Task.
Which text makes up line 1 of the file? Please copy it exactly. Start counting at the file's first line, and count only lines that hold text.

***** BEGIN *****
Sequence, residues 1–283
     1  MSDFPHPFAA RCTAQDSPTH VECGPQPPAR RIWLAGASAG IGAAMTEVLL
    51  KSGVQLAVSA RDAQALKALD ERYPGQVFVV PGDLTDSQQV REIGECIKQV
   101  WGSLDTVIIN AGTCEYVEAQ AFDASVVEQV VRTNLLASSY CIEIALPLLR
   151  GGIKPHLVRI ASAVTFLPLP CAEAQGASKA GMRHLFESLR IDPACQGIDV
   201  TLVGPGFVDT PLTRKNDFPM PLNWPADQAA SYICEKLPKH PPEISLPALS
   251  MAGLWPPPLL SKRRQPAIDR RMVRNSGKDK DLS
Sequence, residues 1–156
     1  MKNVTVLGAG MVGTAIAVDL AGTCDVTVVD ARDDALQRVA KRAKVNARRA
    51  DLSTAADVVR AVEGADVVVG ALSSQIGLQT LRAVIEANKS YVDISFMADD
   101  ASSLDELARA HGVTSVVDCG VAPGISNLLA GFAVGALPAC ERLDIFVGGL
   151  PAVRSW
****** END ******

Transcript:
Sequence, residues 1–283